I saw the other me at the airport. We were waiting for the same plane, both of us halfway home. I recognized her immediately, the woman that I might have been, by her hard disappointment, the way she stretched her lips into something that did not resemble a smile. The way her eyes gave out no kindness. Not even to her children. She held herself tense against the crowd of people, an exhaustion on her face that did not fully mask her restlessness. She has not yet settled completely into her fatigue, has not quite accepted what she must be.

As we boarded the plane, I thought about gathering up that little boy and girl of hers and giving them all the love the other me no longer has. I know how she lost this love, not without a fight, but gone all the same. But the children wouldn’t want me, not this me, I am too simple for them now, I am what my own children need. Hers are more accustomed to picking their way through her unsteady territory or racing heads down across the mine field of her affection. Yes, the other me resents these children sometimes. Often. Especially on a day like today. When she must take them back across the world to visit their grandparents. This is the ritual that must be undertaken once a year—from east to west, a return to a former home—until she has the means to support herself again. This ritual is only a reminder of what she got herself into.

He wasn’t good-looking. He wasn’t smart. He wasn’t even always very nice. And she didn’t know it, but he wasn’t in good health. So now the other me is alone again, worried all the time, angry as often as she is sad. She carries the kind of sadness that doesn’t even recognize itself anymore. It’s gone all hard and flinty. Sadness as bedrock, as birth basket of anger.

The children were out of control on the plane, bothering neighbors and crying or shouting. I felt for her as she twisted and re-braided the rope of her patience, again and again. Some of the other passengers watched her, judged her. One older woman went to help. I was happy to be on my side of the plane and several rows away. Nothing brought me close enough to offer a hand. So, I kept my distance and was thankful that she was she and I was now me.

They didn’t speak the same language. It would be easy to blame everything on this fact, but it isn’t really important in the end. He wasn’t even good-looking. He wasn’t even smart. Not that either should ever be used as solace. But she wouldn’t mind a memory now, she wouldn’t mind an excuse. Because living alone in a foreign country is never easy and when no one else came near her, when she started to forget what it felt like for a hand to move along her skin, he offered one. Nothing more, nothing less. If she could name her monster, it would be called alone. I can still see her, this other me, the one who underestimated her need to be contained in someone else’s thoughts. This is all he agreed to do, and she hoped it would be enough, hoped that her monster would be satisfied.

She forgot, silly woman, that by nature all monsters are never sated. The other me had those children when, despite his presence and his touch, alone returned and threatened to stay. She pushed that nasty demon away with the sound of an infant crying, the gurgle of their laughter, the fierce clutch of their little hands. This, for a time, gave her a sleek and satisfying peace. To be needed in this way made loneliness almost impossible.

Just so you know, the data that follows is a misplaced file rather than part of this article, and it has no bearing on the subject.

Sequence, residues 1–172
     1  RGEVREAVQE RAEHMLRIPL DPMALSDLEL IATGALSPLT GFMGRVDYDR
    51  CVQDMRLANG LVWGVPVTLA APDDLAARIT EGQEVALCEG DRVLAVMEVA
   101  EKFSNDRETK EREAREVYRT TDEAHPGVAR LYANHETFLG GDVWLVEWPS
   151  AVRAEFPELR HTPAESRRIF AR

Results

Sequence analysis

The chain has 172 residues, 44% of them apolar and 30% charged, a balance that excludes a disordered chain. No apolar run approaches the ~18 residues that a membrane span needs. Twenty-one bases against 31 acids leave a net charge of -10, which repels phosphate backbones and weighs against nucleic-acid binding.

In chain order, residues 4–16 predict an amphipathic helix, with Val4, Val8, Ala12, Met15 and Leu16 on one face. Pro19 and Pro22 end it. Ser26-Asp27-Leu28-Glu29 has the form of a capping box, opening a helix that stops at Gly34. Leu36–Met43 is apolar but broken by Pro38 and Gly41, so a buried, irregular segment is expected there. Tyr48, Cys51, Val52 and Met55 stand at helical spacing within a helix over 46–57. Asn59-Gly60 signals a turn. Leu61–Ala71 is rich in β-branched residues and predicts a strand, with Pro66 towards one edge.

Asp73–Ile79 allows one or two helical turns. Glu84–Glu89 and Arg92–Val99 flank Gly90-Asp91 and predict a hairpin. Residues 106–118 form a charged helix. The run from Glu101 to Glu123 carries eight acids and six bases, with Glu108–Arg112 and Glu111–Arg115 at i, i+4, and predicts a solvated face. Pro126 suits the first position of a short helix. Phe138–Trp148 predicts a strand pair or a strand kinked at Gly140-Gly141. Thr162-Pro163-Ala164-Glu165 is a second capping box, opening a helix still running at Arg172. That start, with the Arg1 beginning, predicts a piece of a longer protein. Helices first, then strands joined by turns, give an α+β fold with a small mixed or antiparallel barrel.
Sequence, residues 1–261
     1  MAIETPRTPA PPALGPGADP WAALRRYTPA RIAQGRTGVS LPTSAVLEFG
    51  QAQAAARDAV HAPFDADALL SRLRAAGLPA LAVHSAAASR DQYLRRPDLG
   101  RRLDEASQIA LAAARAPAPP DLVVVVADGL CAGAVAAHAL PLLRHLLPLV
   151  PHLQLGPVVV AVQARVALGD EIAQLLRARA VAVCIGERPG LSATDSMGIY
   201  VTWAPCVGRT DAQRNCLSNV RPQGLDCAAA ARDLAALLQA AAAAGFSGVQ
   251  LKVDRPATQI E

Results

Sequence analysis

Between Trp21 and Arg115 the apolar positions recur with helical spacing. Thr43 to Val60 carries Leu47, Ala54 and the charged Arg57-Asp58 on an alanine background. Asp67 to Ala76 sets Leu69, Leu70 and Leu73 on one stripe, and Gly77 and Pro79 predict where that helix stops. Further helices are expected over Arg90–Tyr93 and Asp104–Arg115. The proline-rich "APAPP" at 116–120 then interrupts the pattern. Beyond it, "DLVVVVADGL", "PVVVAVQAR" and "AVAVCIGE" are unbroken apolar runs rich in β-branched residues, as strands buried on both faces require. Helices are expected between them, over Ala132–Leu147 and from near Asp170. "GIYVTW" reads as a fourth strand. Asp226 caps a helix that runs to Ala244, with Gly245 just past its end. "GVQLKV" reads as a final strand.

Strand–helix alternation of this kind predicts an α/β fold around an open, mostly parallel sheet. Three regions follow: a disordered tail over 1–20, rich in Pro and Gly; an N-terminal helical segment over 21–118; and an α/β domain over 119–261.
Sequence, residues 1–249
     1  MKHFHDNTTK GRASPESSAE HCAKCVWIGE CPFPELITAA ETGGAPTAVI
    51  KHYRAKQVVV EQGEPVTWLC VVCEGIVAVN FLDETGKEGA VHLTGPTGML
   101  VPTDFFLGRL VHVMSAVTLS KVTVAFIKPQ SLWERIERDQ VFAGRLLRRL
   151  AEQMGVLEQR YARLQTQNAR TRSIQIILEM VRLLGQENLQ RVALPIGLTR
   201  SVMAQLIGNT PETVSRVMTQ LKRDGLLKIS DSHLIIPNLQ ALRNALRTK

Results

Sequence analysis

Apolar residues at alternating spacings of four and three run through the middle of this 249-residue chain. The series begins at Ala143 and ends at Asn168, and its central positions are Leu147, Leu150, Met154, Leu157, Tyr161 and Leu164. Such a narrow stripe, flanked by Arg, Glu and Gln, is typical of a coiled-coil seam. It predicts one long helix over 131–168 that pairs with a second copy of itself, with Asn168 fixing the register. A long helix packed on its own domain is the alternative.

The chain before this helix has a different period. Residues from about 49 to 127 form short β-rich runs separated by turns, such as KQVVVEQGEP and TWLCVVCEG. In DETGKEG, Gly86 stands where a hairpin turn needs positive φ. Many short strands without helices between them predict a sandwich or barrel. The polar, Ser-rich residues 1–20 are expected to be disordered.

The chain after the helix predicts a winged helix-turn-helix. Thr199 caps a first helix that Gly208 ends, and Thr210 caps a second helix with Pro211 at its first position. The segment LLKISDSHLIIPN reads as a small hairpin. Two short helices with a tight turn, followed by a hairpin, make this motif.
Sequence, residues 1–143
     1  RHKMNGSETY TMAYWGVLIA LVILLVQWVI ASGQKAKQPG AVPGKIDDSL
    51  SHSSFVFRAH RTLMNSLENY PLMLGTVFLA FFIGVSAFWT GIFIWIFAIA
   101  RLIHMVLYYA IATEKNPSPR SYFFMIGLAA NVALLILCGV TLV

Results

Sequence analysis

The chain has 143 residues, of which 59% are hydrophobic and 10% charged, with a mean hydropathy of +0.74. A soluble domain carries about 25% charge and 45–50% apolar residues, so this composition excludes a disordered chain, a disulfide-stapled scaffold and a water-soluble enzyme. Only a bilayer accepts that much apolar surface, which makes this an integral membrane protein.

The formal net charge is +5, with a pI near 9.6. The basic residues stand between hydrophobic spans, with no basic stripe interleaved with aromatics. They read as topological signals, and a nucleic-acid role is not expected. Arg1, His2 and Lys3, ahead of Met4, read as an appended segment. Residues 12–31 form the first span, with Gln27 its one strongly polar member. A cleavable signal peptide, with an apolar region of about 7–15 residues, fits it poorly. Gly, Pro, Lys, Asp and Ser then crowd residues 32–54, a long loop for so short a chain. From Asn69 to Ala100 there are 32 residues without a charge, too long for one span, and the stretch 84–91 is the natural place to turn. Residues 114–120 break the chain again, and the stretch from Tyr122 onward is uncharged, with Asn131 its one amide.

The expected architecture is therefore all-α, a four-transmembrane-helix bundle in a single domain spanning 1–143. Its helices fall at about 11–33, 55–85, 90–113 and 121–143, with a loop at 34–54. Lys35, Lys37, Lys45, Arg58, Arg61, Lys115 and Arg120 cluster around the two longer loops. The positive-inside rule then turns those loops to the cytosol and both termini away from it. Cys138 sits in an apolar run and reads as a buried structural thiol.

She would have had to continue having children. There is a place inside her that understands this. But then—his illness. She wasn’t sad when he died. On the surface, yes, but where it really mattered, in the space of herself she had never shared with him, she wept for how much time she had lost. She worried she had let herself go too far. She had misplaced her original self.

Which is true. Here I am to prove it. Having snatched it up and escaped when I could. It’s true that no one’s life is perfect, but it’s the degrees of anger that count. It’s the measure of joy against the measure of dark. It is easy for her, and for me, to make a tally. Judge who is going to come out ahead.

Now the other me is biding her time in a desperate way. Some days the children are what keep her sane, others they destroy her completely. Some days she imagines a different life—free from bedrock, from anger. She imagines it has not changed her. She imagines that with a little more time and a measure of luck, she might walk backwards from her current life, arms wrapped around each child, and start again.

She would like to find the other her. She knows I must be out here somewhere.

Yes, I almost said to her when she caught my eye as we exited the plane back at home, you’re right, here I am. I almost stopped her, almost gave her my hand. Instead, I watched her walk on, I watched her re-shoulder her bag and take her daughter’s hand while checking for her son in the crowd. Then I started walking fast in the opposite direction, careful to keep myself moving because I know that my running, my furious pace, is the only way I can leave her behind.


Michelle Bailat-Jones is the author of two novels, Unfurled, (2018, Ig Publishing) and Fog Island Mountains, which won the 2013 Christopher Doheny Award from the Center for Fiction. Her translations, fiction, poetry, and criticism have appeared in various journals including the Kenyon Review, Hayden's Ferry Review, Necessary Fiction, Ascent, the Atticus Review, PANK, Cerise Press, The Quarterly Conversation, and the Women's Review of Books. Michelle was born in Japan, grew up in the Pacific NW, and currently lives in Switzerland. (2019)